Figure 171.26. Schematic drawing of the Italian modification of standard Ilizarov fixation of the femur. Note that proximal fixation is achieved using half-pins. An empty middle ring is used to facilitate angular or rotation correction as well as lengthening. Distal fixation is traditional through four 1.8 mm transfixing wires.
  • Connect these rings to an empty diaphyseal ring via lengthening rods or hinges depending on the application.
  • Achieve proximal fixation by half-pin, rather than by wire fixation. Determine the diameter of the half-pin by the size of the child.
  • Connect the distal rings to the proximal thigh fixation through oblique supports.
  • Attach the proximal half-pins to one or two “arches,” depending on the size of the patient.
  • P.4370




  • Introduce wires or half-pins on the diaphyseal ring for bifocal application to the femur. Although bifocal lengthening is not recommended, proximal angular or rotational osteotomy can be performed acutely (Fig. 171.27), combined with distal deformity correction and lengthening.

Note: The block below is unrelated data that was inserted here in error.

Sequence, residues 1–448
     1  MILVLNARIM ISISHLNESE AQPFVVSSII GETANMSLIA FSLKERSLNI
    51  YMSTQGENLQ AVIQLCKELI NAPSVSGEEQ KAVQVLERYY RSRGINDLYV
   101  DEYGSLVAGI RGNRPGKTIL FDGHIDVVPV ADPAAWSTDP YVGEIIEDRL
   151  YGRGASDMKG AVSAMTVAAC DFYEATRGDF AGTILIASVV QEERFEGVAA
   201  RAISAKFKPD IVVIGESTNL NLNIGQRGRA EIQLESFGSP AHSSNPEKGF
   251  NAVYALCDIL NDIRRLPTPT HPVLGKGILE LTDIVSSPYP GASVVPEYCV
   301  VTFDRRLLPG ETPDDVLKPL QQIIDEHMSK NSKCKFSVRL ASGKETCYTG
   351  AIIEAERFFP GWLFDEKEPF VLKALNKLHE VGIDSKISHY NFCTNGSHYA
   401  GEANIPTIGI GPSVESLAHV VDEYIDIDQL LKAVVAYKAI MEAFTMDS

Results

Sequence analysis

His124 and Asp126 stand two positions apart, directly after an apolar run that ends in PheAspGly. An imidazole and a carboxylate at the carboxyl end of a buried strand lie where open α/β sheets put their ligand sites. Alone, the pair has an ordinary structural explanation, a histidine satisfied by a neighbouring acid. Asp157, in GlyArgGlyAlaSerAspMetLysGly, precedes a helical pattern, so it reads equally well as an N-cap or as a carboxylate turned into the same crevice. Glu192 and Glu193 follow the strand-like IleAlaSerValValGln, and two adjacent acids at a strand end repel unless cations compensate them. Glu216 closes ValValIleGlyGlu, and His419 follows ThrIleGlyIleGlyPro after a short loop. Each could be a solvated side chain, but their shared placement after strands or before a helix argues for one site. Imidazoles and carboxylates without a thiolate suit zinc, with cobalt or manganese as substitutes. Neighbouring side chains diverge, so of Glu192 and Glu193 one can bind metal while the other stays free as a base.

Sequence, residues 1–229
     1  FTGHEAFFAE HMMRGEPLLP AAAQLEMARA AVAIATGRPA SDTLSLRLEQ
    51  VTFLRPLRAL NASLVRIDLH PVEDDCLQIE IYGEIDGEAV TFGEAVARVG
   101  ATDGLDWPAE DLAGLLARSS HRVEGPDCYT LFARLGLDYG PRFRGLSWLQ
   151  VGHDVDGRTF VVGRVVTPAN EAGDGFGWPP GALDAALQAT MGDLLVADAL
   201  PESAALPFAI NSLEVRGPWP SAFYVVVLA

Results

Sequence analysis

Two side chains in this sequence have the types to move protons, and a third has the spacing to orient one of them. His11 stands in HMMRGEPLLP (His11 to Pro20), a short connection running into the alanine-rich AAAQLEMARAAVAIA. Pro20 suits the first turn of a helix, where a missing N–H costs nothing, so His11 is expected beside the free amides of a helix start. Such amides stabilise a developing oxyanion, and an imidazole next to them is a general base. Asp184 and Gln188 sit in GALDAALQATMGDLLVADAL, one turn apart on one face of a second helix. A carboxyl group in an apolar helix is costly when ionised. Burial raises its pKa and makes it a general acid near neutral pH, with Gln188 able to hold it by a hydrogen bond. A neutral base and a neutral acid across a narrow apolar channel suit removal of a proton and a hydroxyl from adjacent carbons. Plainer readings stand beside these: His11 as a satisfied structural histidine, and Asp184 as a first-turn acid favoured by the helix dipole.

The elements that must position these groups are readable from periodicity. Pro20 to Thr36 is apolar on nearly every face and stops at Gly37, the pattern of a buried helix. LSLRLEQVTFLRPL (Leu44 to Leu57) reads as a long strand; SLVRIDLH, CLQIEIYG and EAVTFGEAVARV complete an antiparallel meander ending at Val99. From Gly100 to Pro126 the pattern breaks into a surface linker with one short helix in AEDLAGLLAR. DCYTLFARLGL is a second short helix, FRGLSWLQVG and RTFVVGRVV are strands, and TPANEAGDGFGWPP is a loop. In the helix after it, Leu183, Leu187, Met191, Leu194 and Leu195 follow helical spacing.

Figure 171.27. A and B: Preoperative photographs and teleoroentgenogram of a 6-year-old boy with congenital shortening of the femur, fibular hemimelia, and a three-ray foot. C: The Ilizarov technique was used for bifocal application. Acute rotational correction was performed proximally. Elimination of distal femoral valgus and subsequent lengthening was done distally. D and E: The photographs demonstrate symmetric internal and external rotation at the conclusion of treatment. F: Radiographs demonstrate excellent healing of both femoral and tibial lengthening sites.